Thursday, March 20th, 2008

Bowling: Sport or Activity?

A few Saturdays ago, a group of our friends celebrated a 32nd birthday party with an evening of pizza, wings, and bowling. Last weekend, my family held a combination St. Patrick's Day/surprise 60th birthday party for one of my aunts. The highlight of the party included several games of bowling on the Nintendo Wii. These two parties resurrected an old question:

Bowling - Is it a sport or an activity?

I enjoy bowling. In fact, I wish I played more than I do. Now that bowling alleys are smoke-free, bowling sounds even more appealing. Several years ago, I competed in leagues. I even walked away with some league-sanctioned cash. I have always leaned toward categorizing bowling as an activity. When friends and co-workers debated this question in the past, I always stated that for a competition to be categorized as a sport, two people or teams must be directly influencing the outcome. Let me explain.

In baseball, football, basketball and hockey (just to name a few), two teams are matched against each other. Players on the opposing team make plays that allow or prevent the other players from scoring and advancing.

With bowling, despite the fact that two individuals or teams are competing, the performance of the other does not directly influence the others. You can argue that the performance of others can mentally influence another's game, but they do not physically alter your play.

I love to golf. It's great fun when I'm playing well, and a living hell when I am not. Great exercise, too. Well, unless you have a six-pack stored in your bag. Unfortunately, I feel the same about golf as I do about bowling.

What is your opinion? Is bowling a sport or an activity?

Activity. Same as golf. You don't have to be in particularly good physical shape to excel at either one.
Courtney Heinzel   Thursday, March 20, 2008
Good point. A good amount of bowlers on ESPN2 have scale readings that match their scoring averages.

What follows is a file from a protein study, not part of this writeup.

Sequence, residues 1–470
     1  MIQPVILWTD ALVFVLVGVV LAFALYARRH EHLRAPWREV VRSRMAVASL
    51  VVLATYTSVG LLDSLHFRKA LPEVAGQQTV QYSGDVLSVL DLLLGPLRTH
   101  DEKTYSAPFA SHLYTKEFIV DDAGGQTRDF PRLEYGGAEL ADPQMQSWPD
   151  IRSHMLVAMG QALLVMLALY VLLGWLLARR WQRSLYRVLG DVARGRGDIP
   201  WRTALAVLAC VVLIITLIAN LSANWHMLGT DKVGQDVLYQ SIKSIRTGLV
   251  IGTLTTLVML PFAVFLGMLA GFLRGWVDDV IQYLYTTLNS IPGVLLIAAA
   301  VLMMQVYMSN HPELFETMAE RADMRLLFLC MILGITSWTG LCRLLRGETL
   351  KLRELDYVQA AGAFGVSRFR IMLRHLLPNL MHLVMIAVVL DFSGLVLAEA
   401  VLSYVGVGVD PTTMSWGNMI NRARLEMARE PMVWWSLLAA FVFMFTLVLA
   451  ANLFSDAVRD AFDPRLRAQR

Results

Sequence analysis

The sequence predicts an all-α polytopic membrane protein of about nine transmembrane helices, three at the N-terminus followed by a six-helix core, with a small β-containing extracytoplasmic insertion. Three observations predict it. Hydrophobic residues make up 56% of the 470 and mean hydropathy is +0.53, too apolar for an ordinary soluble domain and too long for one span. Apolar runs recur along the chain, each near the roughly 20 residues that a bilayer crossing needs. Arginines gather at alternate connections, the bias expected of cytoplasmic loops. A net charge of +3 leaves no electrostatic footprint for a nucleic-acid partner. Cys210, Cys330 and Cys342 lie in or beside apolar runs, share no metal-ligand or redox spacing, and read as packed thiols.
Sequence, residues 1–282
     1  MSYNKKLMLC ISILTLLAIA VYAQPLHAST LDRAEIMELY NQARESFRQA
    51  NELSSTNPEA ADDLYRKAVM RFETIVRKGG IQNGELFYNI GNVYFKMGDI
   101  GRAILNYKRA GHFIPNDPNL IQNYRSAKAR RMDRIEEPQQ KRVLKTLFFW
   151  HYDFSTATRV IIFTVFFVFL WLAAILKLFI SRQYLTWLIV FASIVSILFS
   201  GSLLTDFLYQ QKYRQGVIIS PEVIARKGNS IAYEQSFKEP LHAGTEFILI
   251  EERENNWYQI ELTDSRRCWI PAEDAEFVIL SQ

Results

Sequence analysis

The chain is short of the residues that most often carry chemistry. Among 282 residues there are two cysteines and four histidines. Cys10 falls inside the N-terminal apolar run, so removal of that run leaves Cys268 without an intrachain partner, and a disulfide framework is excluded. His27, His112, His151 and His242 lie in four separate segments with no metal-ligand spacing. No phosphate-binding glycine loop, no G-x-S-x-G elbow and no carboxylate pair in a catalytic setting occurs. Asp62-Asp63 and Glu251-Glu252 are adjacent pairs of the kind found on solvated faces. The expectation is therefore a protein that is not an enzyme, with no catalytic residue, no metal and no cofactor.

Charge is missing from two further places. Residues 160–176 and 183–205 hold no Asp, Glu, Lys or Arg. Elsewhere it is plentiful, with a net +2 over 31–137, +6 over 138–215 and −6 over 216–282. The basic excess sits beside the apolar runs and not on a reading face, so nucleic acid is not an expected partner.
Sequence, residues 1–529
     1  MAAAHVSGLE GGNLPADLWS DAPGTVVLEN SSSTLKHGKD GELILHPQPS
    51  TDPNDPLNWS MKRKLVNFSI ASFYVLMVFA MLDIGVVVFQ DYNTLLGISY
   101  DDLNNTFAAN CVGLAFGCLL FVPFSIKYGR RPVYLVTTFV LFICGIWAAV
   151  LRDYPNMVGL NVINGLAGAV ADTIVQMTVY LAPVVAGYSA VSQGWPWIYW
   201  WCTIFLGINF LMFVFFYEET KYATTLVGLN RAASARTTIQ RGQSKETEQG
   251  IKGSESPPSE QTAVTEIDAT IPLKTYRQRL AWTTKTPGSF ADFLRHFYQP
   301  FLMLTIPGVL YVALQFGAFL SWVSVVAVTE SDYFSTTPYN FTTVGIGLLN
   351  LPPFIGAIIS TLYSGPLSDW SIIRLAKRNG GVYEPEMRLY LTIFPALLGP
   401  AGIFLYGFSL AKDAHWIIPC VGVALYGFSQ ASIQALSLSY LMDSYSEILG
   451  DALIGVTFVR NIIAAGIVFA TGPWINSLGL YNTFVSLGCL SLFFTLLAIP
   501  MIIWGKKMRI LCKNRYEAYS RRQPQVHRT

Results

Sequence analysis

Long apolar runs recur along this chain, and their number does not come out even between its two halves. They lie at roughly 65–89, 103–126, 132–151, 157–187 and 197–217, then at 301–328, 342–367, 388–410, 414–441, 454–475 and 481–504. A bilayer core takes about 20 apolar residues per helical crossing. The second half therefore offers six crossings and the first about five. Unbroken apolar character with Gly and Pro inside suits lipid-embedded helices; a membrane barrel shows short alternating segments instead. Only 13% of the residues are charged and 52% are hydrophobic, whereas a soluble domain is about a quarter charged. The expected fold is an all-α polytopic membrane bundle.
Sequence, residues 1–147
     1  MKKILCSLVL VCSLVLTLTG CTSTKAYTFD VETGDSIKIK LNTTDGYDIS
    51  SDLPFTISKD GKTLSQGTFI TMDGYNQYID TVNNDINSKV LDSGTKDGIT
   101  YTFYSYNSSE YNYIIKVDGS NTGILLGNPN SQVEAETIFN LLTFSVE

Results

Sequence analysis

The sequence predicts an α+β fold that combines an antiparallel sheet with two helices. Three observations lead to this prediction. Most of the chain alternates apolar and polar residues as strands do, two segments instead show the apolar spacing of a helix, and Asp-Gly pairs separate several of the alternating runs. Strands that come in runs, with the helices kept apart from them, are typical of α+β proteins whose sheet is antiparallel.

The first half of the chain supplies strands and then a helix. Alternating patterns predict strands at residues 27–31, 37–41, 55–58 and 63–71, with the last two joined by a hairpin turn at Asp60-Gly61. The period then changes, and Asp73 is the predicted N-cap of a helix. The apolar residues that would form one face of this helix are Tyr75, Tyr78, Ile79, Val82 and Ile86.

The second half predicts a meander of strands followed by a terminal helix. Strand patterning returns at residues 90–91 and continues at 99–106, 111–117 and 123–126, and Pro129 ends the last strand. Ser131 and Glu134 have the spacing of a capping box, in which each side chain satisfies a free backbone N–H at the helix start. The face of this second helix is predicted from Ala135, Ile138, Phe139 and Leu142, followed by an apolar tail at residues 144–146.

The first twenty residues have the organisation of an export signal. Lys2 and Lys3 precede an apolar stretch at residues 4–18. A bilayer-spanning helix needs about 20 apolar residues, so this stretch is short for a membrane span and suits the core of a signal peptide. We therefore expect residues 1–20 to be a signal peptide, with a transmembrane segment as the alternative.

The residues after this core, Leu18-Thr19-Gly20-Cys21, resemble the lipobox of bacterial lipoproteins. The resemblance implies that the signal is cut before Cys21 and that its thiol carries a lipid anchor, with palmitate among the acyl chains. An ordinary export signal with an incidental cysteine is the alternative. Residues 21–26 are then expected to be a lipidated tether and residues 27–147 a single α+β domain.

Bill Pearch   Thursday, March 20, 2008
But in bicycling time trials or in many running races, the performance of others has only a psychological affect. Yet they are still sports. It's an interesting question. All I know is that my 6yo, LOVES bowling.
girlcarew   Thursday, March 20, 2008
All I know is the Bowling Congress just announced it's moving out of Wisconsin. First brett Favre, and now bowling. Waht are we to do?
Carrie   Thursday, March 20, 2008
What's next? Will cheese production leave Wisconsin?
Bill Pearch   Thursday, March 20, 2008
Apparantly, California passed us in cheese production a fews years back and still shows those commercials of the "happy cows make happy cheese". How rude. Anheuser Bush is always neck and neck with Miller for beer production, but when it comes to taste, "I'd take a nice Miller Lite over pee water anyday. :)

Fortunately, we still have more combined churches and taverns per capita than any other state and when you have a polish sausage racing a brat during a baseball game, who wouldn't want to live here?
Carrie   Thursday, March 20, 2008
Plus, Milwaukee has the Safe House Spy Bar. Very cool place. Don't forget the Mars Cheese Castle.
Bill Pearch   Thursday, March 20, 2008
Just passed by the bowling hall of fame in St Louis. Do activities have hall of fames? And why is the bowling hallf of fame in St. Louis. I bet if I paid some good money to go inside they would have told me.

Great commercials on ESPN though
Ben H   Thursday, March 20, 2008
If there is a yard darts hall of fame, then yes, activities have halls of fame.
Bill Pearch   Thursday, March 20, 2008
I guess I'm an old-fashioned gal because I feel that any "activity" where one uses a combination of physical and mental prowess to compete with another is a sport. My mother-in-law would agree; she's on two senior leagues, one at that alley out at Dirksen and Sangamon and the other at the place out off Veterans; I think it's S & S West? Anyway, it keeps her stamina up and gives her exercise, she says, and she's in great shape for almost 71.
Angi   Thursday, March 20, 2008
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